JOINT BASE LANGLEY-EUSTIS, Va. –
Heat reflected off the tarmac in shimmering waves as Royal Air Force Squadron Leader Alexander Thorne, 94th Fighter Squadron Foreign Exchange Officer stepped towards his jet for a final time in the Virginia sunshine.
Over three and a half years, Thorney participated in two deployments and flew countless missions in the F-22 Raptor side-by-side with his American counterparts. Although his departure is bitter sweet, he reveled in the excitement of RAF Squadron Leader David Wild, an old friend, preparing to take the stick and in the significance of the flight they were about to perform – the first formation of F-22 Raptors ever flown by Royal Air Force pilots.
“It was surreal. The first time I ever flew an F-22 I couldn’t believe the power and significance of what that moment meant,” he said. “But to fly in a Raptor, instructing an old buddy from home, that I hadn’t flown with since I was his instructor on the Typhoon weapons instructor course was awesome.”
Reserved for special occasions, the formation received the call-sign “Fiske” in honor of American native William Meade Lindley “Billy” Fiske III who became a legend in the United Kingdom for his military actions.
“Fiske was really the original foreign exchange officer,” said Thorney. “He didn’t have to fight for us, he didn’t have to fly with our pilots, but he did; because he believed in what we were fighting for.”
According to the Billy Fiske Foundation, Fiske was born in Chicago but grew up all over Europe due to his father’s position as an international banker. He attended Cambridge University, became a member of the exclusive White’s Club in London and would later win two gold medals in bobsleighing for the American Olympic team.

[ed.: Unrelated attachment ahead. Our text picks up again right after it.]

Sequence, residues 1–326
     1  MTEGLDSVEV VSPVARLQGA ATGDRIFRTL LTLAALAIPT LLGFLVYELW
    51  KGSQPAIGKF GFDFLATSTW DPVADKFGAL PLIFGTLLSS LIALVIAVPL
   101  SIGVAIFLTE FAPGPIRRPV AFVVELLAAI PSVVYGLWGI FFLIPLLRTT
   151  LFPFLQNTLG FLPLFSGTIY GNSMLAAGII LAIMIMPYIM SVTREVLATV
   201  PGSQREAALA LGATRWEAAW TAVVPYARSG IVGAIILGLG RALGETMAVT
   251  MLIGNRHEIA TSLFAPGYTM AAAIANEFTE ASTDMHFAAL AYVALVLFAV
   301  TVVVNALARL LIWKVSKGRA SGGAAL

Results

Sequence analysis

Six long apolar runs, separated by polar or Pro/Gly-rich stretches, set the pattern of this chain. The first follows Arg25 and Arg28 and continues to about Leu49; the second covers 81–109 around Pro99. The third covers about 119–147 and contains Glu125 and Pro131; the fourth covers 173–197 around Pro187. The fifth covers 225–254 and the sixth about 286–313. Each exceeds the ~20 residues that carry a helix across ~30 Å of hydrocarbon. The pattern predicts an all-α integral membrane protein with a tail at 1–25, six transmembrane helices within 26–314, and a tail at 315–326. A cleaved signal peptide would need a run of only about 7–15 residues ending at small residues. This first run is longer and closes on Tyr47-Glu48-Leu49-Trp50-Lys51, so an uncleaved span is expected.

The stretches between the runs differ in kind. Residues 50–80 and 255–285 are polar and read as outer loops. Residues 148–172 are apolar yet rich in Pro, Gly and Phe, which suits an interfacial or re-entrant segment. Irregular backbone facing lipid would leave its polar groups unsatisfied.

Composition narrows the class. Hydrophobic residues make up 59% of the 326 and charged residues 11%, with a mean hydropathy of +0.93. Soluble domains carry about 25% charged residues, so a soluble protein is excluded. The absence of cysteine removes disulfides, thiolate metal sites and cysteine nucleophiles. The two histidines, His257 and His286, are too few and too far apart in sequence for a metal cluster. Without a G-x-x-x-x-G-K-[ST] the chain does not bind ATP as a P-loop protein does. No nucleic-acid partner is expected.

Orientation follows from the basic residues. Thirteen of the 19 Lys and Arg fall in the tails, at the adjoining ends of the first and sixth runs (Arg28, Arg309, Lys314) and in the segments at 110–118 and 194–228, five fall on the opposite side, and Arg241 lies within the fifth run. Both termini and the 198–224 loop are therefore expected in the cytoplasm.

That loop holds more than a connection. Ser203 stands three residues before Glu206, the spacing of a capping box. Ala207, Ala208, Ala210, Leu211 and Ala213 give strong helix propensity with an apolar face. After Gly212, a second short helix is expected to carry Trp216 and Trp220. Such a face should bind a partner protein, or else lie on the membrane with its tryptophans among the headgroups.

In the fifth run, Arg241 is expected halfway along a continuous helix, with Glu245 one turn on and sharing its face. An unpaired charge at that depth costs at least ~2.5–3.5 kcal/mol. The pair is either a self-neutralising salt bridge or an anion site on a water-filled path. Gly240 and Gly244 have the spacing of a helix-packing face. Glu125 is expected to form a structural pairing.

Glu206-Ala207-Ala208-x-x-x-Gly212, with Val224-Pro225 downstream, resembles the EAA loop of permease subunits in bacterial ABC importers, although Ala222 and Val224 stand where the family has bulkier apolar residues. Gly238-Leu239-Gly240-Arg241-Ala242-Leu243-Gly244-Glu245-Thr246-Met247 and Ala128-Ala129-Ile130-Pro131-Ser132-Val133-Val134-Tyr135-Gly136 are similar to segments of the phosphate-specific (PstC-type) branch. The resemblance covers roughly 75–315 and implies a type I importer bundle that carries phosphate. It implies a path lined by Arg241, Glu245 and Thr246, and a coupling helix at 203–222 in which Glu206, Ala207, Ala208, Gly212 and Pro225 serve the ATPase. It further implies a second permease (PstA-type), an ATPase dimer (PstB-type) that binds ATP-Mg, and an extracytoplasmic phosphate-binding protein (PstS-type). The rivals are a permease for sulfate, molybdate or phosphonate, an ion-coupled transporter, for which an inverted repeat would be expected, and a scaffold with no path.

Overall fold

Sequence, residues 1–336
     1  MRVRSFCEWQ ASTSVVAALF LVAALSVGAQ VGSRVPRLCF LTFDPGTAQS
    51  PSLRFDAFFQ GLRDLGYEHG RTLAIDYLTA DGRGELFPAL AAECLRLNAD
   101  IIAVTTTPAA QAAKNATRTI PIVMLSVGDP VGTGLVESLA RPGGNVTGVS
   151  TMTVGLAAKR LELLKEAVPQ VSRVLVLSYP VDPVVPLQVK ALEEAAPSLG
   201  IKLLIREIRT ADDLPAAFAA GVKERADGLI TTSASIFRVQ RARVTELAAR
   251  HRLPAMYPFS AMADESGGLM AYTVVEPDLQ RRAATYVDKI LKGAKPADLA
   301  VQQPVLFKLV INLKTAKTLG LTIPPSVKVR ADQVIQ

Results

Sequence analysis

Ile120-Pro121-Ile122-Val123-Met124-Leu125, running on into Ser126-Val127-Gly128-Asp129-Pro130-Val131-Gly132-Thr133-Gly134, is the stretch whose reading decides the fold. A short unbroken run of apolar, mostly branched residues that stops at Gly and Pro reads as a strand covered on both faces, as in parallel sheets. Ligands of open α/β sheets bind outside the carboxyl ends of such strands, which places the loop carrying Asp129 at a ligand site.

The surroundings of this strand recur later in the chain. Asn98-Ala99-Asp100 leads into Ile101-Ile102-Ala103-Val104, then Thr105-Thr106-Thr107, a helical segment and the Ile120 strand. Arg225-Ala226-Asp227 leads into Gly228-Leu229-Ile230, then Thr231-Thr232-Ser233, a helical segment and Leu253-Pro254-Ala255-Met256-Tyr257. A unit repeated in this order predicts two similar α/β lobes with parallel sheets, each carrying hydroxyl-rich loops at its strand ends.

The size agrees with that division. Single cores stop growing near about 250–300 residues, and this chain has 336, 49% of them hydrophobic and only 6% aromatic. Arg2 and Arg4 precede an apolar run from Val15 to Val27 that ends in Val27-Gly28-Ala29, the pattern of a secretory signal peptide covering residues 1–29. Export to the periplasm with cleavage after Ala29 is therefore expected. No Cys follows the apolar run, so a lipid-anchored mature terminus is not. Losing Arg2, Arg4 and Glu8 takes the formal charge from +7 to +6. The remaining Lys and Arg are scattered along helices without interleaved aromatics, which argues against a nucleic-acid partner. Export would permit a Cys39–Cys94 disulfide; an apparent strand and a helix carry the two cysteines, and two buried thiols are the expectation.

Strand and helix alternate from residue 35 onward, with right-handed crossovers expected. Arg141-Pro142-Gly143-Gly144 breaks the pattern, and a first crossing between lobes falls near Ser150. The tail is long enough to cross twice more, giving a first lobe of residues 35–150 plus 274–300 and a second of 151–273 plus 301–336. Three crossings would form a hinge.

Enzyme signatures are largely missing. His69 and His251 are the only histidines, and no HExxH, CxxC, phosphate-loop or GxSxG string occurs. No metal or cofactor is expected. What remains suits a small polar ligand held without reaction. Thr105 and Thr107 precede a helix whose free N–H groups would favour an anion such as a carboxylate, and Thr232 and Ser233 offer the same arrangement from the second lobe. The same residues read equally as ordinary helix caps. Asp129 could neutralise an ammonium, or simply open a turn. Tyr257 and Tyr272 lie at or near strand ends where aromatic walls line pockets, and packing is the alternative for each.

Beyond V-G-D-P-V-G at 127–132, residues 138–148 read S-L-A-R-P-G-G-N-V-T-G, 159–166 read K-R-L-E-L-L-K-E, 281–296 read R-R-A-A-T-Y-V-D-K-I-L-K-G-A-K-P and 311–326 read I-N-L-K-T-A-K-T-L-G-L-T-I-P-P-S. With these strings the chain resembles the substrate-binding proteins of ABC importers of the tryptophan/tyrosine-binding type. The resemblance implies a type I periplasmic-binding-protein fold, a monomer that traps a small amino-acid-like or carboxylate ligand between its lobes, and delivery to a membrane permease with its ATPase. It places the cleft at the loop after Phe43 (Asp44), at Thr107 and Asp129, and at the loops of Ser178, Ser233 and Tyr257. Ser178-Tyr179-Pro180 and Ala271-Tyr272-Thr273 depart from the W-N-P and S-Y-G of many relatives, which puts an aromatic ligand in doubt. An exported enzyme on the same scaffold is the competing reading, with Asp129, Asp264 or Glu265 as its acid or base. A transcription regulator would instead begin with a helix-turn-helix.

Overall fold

Fiske quickly formed intimate friendships with members of the No. 601 Squadron, Auxiliary Air Force, who convinced him to get his pilot’s license – a decision that would lead him to eagerly volunteer for the Royal Air Force in the Battle of Britain.
When asked by friends and family about his reason for joining the war he wrote, “The English have been damn good to me in good times. So, naturally, I feel I ought to try and help out in bad times if I can.”
In the span of 27 days Fiske flew 42 sorties, shot down two aircraft, damaged an additional two, and forced a German bomber into a balloon barrage. He died from injuries sustained when his aircraft was shot down on August 17th, 1940. His sacrifice would be honored long after his passing and his legacy enhanced trans-Atlantic relations for years to come - a sentiment shared by Thorney and his participation in the FEO program.
The FEO program strengthens ties between America and the United Kingdom by integrating a member of the RAF into the 94th Fighter Squadron as a pilot, mentor, and instructor. The first-hand experience allows for improved tactical and technical understandings between the countries while also enhancing interoperability.
“I’m here, flying your apex fighter, in a program that’s highly classified, in a jet that’s highly classified, ready to deploy with you and serve your great nation at any moment,” Thorney said. “I don’t think many other people do that. I don’t think many countries have that level of trust…More important than me, more important than this unit, I think it’s a symbol of how closely we work together.”
History, work and life — Thorney’s experiences with the 94th Fighter Squadron have shaped not only his perspective on the significance of the partnership between our two nations, but that of his family as well.
“We’ve loved living here,” he chuckles. “Our oldest daughter’s first memories are here, so we’ll want to bring her back…My youngest daughter was born here, so we’ve got an American in the family who can celebrate Independence Day each year.”
Thorney went on to say that the biggest thing he’s learned, as he turns over the reins to his counterpart Wild, is that America is absolutely ready to go when called on; a concept he respects and appreciates in a mission capacity, but also in regards to family, friends, and partnerships.
“What do I think of my time with the 94th?” Thorney remarks with a smirk, “Best adventure of my life.”